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Who controls what we drink? Corporate water comes to (and from) San Francisco

"Every gallon of water you conserve is energy conserved," he said. "Not only could San Diego do more conservation, but they don't recycle any wastewater to potable water standards. That's much less energy intensive."

Poseidon counters by saying that it invested $60 million in energy efficiency measures for the plant and will be installing solar panels on the roof. Perhaps most telling is that the company sees itself as vending reliability. "It's not the current cost of water the San Diego Water Authority is concerned about, but the future cost for an acre-foot," Maloni said. "There's a dollar figure you can put on reliability. Public agencies are willing to pay us a little more for that."

Which gets back to a comment Barlow made about capitalizing on crisis. "We are frightened half to death and everyone who looks at it, right-wing or left-wing, sees that. ... They use the crisis to say we have no alternative except to go into massive desalination plants."

And, as Peter Gleick, president of the Pacific Institute pointed out, San Diego wasn't calling for proposals to bring it more water. "Poseidon wanted to build a desalination plant and it came to San Diego. That's one way to do it. The other way is for a municipality to say we want a desalination plant, we're opening it up to bids, let's have a competition. That didn't happen, and instead we have one contractor."

Geever added, "Poseidon has been really successful at lobbying politicians and convincing regulators to give them permits."

Which points to one of the chronic ills of managing water systems, particularly in California where water has always been political. "In the 20th century decisions about water were made by white males in back rooms," said Gleick. "It solved a lot of problems, but it led to a lot of environmental problems. The days when water decisions made in back rooms should be over. And they aren't over, and that's part of the problem."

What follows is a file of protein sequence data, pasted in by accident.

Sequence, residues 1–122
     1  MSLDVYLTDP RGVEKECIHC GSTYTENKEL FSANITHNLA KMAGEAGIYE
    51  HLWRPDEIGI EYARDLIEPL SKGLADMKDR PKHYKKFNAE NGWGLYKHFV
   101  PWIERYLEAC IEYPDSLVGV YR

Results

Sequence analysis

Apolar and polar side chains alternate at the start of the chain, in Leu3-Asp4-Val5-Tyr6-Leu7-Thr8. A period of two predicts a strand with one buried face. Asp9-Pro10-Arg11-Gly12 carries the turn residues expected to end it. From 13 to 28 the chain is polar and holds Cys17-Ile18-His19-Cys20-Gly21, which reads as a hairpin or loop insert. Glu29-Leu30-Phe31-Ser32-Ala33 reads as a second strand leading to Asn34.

Nowhere is that more obvious than the delta, where the state's two most prominent rivers — the Sacramento and the San Joaquin — meet the Pacific Ocean just north of San Francisco. It's ground zero for one of the most charged political fights in the state.

Two-thirds of California's water comes from the delta. About 80 percent of it goes to cropland, watering about half of the state's $35 billion agricultural industry, much of it through historic water rights that have been granted to a small lobby of powerful growers who sell their surplus rights for profit. Another 18 percent goes to urban water needs, and — in spite of the fact that this is the largest estuary on the west coast of North and South America — only 2 percent of the water remains for natural environmental flows.

Delta issues are legion and begin at the headwaters of the Sacramento River, near Mount Shasta, a land Mark Franco describes as an Eden. "The deer, salmon, and acorns that we eat — everything that we need is there," Franco told the Guardian. "It's such a beautiful place. Now they're drying it, that Eden."

Franco is head of the Winnemem Wintu, or "little water people" tribe, and is fighting the first phase of water diversions from the Sacramento River, 200 miles north of the capitol where companies like Coca-Cola, Crystal Geyser, and now, potentially, Nestlé, pump millions of gallons a year into small plastic bottles and ship it around the country to sell in groceries and convenience stores.

"Here in the US, people have become soft. They've become so used to just having things directly handed to them that they no longer understand where their water comes from," he said at the anti-corporate water conference.